As far as my part was concerned, there were still a big chunk of music to complete, in particular the one that Huang Yi calls Main Theme, an eight minute baroque sounding piece that I had started to develop during our first rehearsals in April. So far the development followed a Theme & Variations structure and the more I would work on it, the more I felt stuck and uninspired. I wished I had the skills and talents of someone like Stravinsky who could manipulate any musical style and come up with something extremely personal. Why did I come up with this Bach-like theme? Huang Yi is so demanding when it comes to music that I had to find a way to reach a satisfactory result.
I realised that I had once again trapped myself in a situation where I would get entangled in web of contradictory rules. Baorque theme didn't mean that I had to compose music the way Bach or Handel used to. Until now, I have always tried to find my own musical language and vocabulary, given any  situation.

Release and let go...

Thursday, 13 September 2012

An / An 2

That was one day before he would fly back to Singapore. But we managed to see each other. The plan was simple: having a nice dinner and possible see a few areas of Taipei. I had spent the whole day enjoying the sea side in Keelung with William. Huang Yi had cancelled the rehearsal to stay in BaLi and work at the Cloudgate studio with Hu Chien. I had not shaved, and my t-shirt still strongly smelled of the hotspring water from the past night (something between sulfer and rotten eggs which takes a quite some time to dissipate). Time was running short and I had no time to go back home and change. It was in this state that I went to find a childhood friend I had not seen for eight years.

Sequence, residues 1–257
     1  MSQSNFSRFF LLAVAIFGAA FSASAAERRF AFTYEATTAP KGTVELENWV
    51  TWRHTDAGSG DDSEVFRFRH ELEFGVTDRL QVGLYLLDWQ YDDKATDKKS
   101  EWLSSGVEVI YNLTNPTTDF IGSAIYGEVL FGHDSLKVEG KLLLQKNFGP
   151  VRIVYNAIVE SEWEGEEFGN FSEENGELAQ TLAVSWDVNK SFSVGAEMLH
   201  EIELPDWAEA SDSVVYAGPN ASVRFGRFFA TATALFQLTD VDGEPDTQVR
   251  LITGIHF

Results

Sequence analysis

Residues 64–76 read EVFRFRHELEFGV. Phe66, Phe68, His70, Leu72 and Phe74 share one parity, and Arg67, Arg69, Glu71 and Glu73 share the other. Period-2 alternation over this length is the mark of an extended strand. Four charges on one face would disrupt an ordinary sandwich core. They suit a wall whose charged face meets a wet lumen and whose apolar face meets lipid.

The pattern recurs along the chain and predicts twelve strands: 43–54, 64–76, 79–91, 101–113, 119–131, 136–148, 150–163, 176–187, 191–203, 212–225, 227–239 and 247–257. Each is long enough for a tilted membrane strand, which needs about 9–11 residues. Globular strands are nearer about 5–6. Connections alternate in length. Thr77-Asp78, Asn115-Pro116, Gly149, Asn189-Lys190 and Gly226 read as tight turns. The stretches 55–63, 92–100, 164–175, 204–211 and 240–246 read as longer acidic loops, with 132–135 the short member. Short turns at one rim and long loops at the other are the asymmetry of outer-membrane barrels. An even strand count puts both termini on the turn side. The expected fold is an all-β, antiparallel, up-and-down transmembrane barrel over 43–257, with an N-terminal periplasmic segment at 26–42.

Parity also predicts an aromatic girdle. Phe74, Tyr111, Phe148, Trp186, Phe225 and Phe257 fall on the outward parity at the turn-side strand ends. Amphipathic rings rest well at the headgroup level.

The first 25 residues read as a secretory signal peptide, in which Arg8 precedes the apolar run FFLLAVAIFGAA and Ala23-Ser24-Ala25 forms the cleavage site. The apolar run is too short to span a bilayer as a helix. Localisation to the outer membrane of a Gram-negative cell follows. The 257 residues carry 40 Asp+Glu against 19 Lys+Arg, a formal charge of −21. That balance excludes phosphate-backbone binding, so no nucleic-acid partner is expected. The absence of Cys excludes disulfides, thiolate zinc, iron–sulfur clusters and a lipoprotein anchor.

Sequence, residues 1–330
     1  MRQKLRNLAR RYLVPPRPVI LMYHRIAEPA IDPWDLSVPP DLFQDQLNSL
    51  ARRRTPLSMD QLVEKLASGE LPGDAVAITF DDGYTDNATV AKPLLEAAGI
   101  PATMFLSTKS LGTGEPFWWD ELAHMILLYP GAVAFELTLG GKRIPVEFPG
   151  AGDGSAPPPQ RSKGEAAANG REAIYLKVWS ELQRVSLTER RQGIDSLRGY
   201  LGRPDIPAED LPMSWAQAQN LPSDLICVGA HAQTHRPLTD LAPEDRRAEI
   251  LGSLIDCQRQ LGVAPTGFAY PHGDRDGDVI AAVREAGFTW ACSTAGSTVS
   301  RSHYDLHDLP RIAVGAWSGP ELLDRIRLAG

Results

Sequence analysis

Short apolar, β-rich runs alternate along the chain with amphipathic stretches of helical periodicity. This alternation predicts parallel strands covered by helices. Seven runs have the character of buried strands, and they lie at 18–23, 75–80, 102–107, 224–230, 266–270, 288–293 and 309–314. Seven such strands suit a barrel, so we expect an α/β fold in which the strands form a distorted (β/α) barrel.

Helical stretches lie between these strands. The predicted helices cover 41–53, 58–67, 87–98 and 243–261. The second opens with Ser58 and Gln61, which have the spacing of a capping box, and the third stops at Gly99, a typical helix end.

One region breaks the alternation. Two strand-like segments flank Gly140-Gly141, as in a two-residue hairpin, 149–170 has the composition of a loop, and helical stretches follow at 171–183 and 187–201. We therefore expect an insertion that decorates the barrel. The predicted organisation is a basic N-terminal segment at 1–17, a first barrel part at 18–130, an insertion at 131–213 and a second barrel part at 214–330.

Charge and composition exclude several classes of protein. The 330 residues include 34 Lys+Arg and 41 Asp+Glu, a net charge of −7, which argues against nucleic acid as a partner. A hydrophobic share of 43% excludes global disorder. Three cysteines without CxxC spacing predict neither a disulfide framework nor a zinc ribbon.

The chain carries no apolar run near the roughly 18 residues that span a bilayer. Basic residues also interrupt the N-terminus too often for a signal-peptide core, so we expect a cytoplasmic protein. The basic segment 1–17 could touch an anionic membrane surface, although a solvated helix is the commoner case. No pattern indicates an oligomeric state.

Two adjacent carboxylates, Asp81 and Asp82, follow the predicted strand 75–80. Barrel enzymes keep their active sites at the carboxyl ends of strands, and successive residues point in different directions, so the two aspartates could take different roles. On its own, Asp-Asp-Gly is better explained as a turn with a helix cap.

An was there with a colleague of his, Jay-Jay, a jovial French born African fellow who also settled in Singapore a few years ago. They had not seen much from Taipei except a few streets near their hotel. 
"Let's walk a little" I suggested. They were delighted. They had not seen anything else but their office and the some posh restaurants where they would spend the evening.
I took them to a local restaurant near the Chiang Kai Shek Memorial which specialises in a dumplings. Quite ironically, we were so happy with the food that I forgot to show them the monument...
We headed to Ximen where they could see the younger and hipper side of Taipei, which owes a lot to Tokyo's Shibuya and Harajuku. An spent a few years in Tokyo so he could relate to it even more.